In a recent survey conducted by the American Jewish Committee, roughly three of four American Jews indicated a deep affinity for Israel. That American Jews today have such feelings toward Israel may not seem surprising, but prior to the 1930s and 1940s kinship between American Jews and a prospective Jewish state was less predictable. Only the persecution of Jews begun by Adolf Hitler in 1933, culminating with the murder of approximately six million European Jews by 1945, convinced many American Jews to support Zionism, the movement to establish a Jewish state in Palestine. The trials and tribulations that followed Israel’s creation in 1948 made that support even stronger, and Alabama’s Jews were no different in their response.
A person encountering Ida Mathis in Birmingham in the early 1900s would not have guessed that she would soon be labeled the savior of the Alabama economy. A matronly figure with a kind face, she did not resemble the “economic Moses of the South” or “Joan of Arc of agriculture,” though contemporary periodicals called her both. Today, her alliance with bankers and businessmen appears to have little in common with the usual approach of Progressive Era women, who drew upon their author ity as mothers when pressing for social reforms. In both cases observers would be fooled. Although Mathis took an unusual approach in presenting herself as a practical farmer and businesswoman, she adopted a distinctly feminine strategy in striving for a sense of family among all community members. When the cotton market’s collapse threw the state into economic depression in 1914, she worked to convince businessmen, farmers, and urban consumers that they had a direct stake in one another’s success. Her sincerity, speaking skills, and sound financial advice drew national attention and laid the groundwork for the state’s increased food production during World War I.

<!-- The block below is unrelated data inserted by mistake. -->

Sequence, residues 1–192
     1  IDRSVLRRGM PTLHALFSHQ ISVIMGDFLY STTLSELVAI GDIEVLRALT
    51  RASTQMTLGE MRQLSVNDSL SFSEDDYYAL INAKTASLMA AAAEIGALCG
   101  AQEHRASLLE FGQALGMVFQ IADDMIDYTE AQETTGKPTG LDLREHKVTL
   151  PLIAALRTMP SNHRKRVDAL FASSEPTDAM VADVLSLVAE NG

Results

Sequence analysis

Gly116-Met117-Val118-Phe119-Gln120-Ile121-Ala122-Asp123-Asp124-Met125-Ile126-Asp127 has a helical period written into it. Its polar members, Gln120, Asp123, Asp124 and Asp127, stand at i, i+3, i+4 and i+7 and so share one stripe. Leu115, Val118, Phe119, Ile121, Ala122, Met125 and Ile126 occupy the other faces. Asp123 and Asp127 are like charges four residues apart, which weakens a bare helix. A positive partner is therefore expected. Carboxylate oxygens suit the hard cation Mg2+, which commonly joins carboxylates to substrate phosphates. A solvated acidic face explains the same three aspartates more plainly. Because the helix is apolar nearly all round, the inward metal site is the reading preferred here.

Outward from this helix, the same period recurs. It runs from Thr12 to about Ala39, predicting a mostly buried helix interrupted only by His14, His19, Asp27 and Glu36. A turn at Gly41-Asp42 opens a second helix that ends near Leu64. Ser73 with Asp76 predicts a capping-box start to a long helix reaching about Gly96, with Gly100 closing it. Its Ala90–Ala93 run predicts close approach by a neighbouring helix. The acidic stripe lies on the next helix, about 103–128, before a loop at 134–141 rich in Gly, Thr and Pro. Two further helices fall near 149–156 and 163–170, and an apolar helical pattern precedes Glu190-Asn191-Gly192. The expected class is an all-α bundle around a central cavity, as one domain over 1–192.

Unlike most of our Alabama neighbors, the men in our family did not shoot deer, doves, or quail. My grandfather, Mac, and my father, Ted, did not hunt at all. My uncle, Stewart, owned no gun; our family did not approve of guns (the influence of my pacifist grandmother, "Miss Rose").
Stewart not only lived in a déclassé neighborhood; he engaged in a déclassé form of hunting. Possum hunting lost class when the southern gentility, aping the British as usual, took up fox hunting. That left possum hunting to poor folks in need of food. After they caught a possum, they fattened it for a few weeks, butchered it as they would a pig, boiled it, baked it, and served it with rich gravy and sweet potatoes.
What would Miss Rose say if Stewart brought a sack of possums to her kitchen? Unimaginable!
On February 9, 2000, Thomas E. Corts, president of Samford University, delivered a speech before the Downtown Rotary Club of Birmingham entitled “How Long, Alabama? O How Long?” Dr. Corts’ presentation, which was widely reported, dealt with the political and economic problems the state of Alabama suffers because of its outmoded and cumbersome constitution, the fundamental document that gives shape to state government. Corts did not mince words. “For almost one hundred years,” he noted, “it has been acknowledged that our state constitution was poorly conceived, poorly written, composed largely with Reconstruction in mind .... Writers of the Constitution of 1901 worked from wrong motives that led them to wrong conclusions and we have been paying a price ever since.”
Not so long ago, scores of country stores were scattered across rural Alabama—at dusty crossroads or along a lonely stretch of blacktop knifing through fields and tangled woodlands, or huddled beside an isolated railway crossing. Mostly they were humble, expedient buildings, devoid of pretension, built to serve a plain agrarian society while enriching the coffers of some enterprising local merchant.
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